Back at Warragamba, these over-spills also take with them many freshwater creatures and relocate them downstream in the Nepean River. That includes rainbow trout that usually reside in the cool waters of the high country above the dam. They’re flushed down the Nepean River with the flood and once water levels begin to recede again, ultimately try to make their way back upstream. The first major barrier they come to is the Nepean Weir at Penrith. While it has a fish ladder, the weir becomes a likely holding point for trout returning upstream in the period following flood, particularly if it occurs during winter when they naturally run upstream to spawn.

Most of us down here closer to sea level rarely see trout in the metro area so this time is a bonanza to the locals (providing their houses were not in danger of course) who are usually restricted here in freshwater species to mullet, carp, bass and estuary perch. The trout are often hurt from coming over the wall at Warragamba and carry heavy scarring. To the locals, they are like a scratched up old trophy, which they’re excited and proud to catch despite their condition.

The Nepean River continues on to the Hawkesbury River, a very large estuary which runs to sea at Sydney’s northernmost outskirts. The muddiness of most of its’ tributaries see it turn chocolate brown after heavy rain, and with a powerful current. The Pittwater arm remains clearest and holds a lot of fish out of the main current, waiting to run back up river once the rains subside. Gosford Rail Bridge is historically a prime mulloway spinning spots in times of flood, using live large-bibbed or sinking hard-bodies to get down deep.

As with the Nepean, the Liverpool Weir in the Georges River becomes the first major obstacle for upstream migrating bass and estuary perch, or those returning upstream after being pushed down by the flood. It too has a fish ladder to allow fish through to naturally propagate. Climbing a fish ladder takes a fair amount of energy, making pools and deep-water pockets immediately beneath such structures ideal resting places in preparation for the run back upstream. Being brackish, there’s a decent cross-section of species available too. Bream and blackfish swim between bass and carp. Of course a flood quickly changes that dynamic, but as soon as a salty tide reaches that barrier again, there are fish of various species everywhere. Local social-media posts report such diverse and surprising species as silver perch, bull sharks and koi carp.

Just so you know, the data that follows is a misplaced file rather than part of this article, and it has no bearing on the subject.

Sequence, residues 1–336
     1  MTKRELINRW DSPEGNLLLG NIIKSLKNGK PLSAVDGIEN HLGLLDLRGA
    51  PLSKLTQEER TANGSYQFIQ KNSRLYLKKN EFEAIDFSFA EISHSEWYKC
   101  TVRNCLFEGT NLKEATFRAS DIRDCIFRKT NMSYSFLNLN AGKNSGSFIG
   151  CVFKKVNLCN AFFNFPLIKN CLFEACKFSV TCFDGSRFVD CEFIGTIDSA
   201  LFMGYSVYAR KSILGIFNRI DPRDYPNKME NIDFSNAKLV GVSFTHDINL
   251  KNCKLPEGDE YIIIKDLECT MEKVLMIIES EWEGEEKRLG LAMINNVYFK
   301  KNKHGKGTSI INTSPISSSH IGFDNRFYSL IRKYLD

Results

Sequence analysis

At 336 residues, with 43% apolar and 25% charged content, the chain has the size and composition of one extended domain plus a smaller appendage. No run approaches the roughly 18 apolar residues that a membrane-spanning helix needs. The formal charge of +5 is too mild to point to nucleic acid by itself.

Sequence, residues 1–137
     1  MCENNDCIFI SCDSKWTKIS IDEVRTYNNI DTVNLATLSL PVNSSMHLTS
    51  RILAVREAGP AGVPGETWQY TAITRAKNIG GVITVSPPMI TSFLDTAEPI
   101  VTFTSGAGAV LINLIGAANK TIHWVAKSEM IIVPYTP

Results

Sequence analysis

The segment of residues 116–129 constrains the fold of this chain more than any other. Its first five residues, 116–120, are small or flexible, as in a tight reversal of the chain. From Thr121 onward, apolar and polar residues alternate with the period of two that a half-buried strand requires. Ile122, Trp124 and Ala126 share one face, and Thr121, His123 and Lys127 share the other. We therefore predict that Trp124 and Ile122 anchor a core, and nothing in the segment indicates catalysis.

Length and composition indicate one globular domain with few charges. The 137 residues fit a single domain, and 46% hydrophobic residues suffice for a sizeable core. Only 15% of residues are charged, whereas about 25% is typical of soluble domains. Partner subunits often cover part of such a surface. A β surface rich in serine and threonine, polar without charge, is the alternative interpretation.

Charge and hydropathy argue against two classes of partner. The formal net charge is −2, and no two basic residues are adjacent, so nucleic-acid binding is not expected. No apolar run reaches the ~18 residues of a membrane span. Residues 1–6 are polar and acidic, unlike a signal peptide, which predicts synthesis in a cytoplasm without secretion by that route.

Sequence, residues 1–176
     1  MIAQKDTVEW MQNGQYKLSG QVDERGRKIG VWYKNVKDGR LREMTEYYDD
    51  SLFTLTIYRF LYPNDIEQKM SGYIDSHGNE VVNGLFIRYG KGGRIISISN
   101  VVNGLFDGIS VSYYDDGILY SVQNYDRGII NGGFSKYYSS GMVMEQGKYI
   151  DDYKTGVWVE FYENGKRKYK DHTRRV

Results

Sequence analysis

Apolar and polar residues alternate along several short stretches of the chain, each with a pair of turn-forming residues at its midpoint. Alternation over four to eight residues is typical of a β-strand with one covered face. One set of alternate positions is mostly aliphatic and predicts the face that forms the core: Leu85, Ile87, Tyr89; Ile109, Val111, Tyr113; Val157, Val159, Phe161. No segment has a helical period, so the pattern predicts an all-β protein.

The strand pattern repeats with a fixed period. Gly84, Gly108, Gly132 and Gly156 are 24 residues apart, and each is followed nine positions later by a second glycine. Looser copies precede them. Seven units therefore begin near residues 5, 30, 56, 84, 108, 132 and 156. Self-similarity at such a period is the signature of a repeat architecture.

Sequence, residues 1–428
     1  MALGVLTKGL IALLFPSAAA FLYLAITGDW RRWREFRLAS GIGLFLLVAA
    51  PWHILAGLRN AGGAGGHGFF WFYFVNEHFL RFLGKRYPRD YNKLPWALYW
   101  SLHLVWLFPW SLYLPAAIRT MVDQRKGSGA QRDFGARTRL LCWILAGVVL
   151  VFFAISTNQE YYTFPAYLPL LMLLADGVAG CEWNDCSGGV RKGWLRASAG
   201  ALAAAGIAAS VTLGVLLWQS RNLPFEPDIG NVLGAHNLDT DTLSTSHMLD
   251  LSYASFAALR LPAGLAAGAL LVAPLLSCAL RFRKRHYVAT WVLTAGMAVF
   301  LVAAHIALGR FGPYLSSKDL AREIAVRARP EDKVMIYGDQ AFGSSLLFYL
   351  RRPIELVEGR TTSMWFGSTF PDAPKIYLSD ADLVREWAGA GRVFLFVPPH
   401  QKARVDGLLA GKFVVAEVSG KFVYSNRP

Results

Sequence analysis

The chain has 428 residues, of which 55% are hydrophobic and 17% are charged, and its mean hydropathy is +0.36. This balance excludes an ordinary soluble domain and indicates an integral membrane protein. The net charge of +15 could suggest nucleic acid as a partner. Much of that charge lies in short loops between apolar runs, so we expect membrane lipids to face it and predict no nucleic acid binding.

The Georges takes a long time to flush. The whole system is quite shallow and winds a long way for a tide to push to the upper reaches. Accordingly, the downstream push from a single day of heavy rain can close most of the river down to fishing for a whole week. Bream are normally thick through the river, but that surge of freshwater will make them retreat to holding areas such as Sylvania Waters and the many bays between Captain Cook and Como bridges. They respond well to baits with slow odour releases like chicken breast in these conditions, or lures with added rattle or tight action that send vibrations through the water.

The Hacking River in Sydney’s south can flood easily at the Audley Weir, preventing cars crossing and limiting access to the Royal National Park, Australia’s oldest National Park. The freshwater system above the weir is small and generally only home to eels and mullet. Below the weir, in a big fresh there are enough deep bays in the system that saltwater species can hang around where the heavier saline water underneath remains. Pan-sized snapper come alive here after a flood, surprisingly far up-river in those deeper bays or holes.